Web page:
- Improve the effectiveness and independence of the National Human Rights Commission of Mongolia; and
- Conduct human rights education for all-level government agencies as well as for national education
2) Poverty and Food Sovereignty
- Develop short-term and long-term implementation plan on food sovereignty and agriculture; and
- Ensure inclusive and participatory decision-making and policy development process related to poverty, food, and agriculture.
3) Business and Human Rights and Human Rights Defenders
- Preserve traditional way of living of herders and nomads;
- Improve human rights situation in the context of extractive industries;
- Ensure meaningful public participation in the decision making process related to mining and extractive industries policy;
- Defend land rights and right to livelihood of communities which are located in mining areas;
- Provide access to legal justice, remedies and reparations for those who are affected by extractive industries;
- Develop National Action Plan on Business and Human Rights; and
- Establish a legal framework for human rights defenders to ensure an enabling environment for their work.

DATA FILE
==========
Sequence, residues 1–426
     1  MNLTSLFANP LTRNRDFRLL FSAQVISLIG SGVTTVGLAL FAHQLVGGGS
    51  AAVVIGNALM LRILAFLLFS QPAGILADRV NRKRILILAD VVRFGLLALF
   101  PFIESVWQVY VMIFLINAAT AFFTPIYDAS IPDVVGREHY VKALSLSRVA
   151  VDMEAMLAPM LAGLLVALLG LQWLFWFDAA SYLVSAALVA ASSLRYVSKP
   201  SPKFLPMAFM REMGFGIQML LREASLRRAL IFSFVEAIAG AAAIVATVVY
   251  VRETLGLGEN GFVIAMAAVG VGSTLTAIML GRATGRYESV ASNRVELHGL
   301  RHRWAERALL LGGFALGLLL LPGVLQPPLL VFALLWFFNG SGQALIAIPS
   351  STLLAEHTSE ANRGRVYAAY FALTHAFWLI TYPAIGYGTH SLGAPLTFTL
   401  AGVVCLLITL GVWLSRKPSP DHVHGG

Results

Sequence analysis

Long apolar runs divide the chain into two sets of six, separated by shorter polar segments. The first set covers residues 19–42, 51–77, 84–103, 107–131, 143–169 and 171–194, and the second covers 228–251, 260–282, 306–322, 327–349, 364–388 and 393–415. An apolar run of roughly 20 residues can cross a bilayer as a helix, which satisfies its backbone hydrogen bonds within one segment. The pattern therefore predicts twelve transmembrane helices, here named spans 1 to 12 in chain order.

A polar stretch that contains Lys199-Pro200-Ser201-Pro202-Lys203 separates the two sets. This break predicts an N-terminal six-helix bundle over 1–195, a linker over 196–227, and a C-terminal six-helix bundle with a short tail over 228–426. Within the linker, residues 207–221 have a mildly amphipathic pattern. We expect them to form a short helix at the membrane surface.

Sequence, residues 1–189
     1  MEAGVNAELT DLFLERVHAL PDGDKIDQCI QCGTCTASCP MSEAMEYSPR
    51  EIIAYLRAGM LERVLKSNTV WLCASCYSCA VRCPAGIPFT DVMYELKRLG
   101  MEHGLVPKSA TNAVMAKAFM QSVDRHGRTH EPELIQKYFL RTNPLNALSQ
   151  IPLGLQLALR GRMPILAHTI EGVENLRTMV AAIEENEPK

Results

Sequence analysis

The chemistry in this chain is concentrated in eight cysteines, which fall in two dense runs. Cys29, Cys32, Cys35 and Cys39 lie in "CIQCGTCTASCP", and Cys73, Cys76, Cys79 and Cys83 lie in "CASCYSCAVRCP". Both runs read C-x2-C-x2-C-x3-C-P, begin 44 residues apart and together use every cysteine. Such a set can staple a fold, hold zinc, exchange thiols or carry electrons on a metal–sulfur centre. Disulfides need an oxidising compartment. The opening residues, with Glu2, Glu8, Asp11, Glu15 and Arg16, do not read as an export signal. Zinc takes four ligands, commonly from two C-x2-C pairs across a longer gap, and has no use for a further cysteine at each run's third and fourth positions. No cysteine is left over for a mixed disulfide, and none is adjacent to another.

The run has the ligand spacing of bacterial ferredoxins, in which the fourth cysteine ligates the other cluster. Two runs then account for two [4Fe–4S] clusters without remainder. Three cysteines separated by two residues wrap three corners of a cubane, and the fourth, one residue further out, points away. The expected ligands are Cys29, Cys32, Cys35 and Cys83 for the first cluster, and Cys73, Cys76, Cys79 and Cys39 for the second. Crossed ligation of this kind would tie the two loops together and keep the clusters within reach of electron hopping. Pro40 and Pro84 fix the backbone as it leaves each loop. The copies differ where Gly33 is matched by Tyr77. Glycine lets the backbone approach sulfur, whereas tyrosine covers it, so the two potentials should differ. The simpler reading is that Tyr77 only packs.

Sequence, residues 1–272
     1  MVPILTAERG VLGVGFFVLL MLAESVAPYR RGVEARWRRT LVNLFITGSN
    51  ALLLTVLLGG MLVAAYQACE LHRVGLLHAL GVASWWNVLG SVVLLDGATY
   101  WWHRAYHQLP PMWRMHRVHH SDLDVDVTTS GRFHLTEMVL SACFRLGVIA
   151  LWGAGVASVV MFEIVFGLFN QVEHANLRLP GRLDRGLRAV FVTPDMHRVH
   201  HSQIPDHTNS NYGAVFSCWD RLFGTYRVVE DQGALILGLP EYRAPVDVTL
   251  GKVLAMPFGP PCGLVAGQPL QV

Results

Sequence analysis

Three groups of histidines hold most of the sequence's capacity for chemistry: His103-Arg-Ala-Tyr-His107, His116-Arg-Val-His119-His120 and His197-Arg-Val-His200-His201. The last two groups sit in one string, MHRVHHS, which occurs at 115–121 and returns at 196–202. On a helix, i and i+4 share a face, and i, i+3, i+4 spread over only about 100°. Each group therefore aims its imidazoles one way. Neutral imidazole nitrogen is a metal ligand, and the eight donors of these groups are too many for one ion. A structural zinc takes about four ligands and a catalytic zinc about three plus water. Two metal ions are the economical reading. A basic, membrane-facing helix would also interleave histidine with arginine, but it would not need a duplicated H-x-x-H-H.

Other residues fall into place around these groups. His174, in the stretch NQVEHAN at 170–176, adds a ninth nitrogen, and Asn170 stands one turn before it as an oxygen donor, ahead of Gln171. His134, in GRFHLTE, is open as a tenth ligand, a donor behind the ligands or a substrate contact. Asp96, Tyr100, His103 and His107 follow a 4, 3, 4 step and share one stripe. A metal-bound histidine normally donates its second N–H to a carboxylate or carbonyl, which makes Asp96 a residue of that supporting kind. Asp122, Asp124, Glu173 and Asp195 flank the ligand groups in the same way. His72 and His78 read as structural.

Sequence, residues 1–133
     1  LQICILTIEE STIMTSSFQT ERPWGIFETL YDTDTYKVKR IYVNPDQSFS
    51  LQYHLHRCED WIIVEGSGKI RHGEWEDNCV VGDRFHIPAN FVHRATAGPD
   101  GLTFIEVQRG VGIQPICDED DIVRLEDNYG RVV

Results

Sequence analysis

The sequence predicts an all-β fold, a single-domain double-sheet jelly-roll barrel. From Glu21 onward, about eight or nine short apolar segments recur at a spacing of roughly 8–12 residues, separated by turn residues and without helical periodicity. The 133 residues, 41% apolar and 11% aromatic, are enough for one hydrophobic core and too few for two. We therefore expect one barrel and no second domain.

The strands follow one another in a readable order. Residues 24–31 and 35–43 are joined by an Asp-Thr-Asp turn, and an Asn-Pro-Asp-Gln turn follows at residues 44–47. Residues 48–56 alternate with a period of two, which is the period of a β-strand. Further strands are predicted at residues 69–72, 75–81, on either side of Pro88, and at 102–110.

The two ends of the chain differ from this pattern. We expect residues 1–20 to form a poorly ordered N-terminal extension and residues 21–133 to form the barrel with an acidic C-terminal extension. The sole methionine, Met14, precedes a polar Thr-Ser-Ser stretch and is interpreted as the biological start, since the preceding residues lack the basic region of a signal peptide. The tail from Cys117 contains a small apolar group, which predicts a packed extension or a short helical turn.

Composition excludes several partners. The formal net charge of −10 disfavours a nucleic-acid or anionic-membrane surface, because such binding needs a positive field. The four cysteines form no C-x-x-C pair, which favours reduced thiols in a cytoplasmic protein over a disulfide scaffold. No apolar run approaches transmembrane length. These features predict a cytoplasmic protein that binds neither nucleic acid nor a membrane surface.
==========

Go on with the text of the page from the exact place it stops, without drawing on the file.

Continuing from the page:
4) Women Rights, Domestic Violence and Human Trafficking
- Implement all adopted 69 recommendations from the second cycle of Universal Periodic Review (UPR);
- Combat domestic violence and human trafficking;
- Reduce child and maternal mortality rate;
- Amend the Election Law to ensure 30 percent of women participation in the parliament; and
- Provide trainings and capacity building for law enforcement officers related to women rights, domestic violence and human trafficking.
- Establish a legal framework and complaint mechanism to tackle gender discrimination and promote equality;
- Raise public awareness and promote knowledge on LGBTI issues;
- Provide capacity building to public servants to promote gender equality; and
- Conduct trainings for middle school and high school students on gender equality.
The Mongolian civil society organisations further call on all political parties to: include a human rights agenda into political parties’ policy; ensure a human rights based approach in their political platform; develop a human rights education plan; ensure public participation to identify Sustainable Development Goals (SDGs) measurement; amend the NGO law; provide an enabling environment for civil society in the country; ensure the protection of human rights defenders, especially those who work on environmental-related issues; and implement the legal framework for remedies and reparations for victims of human rights violations.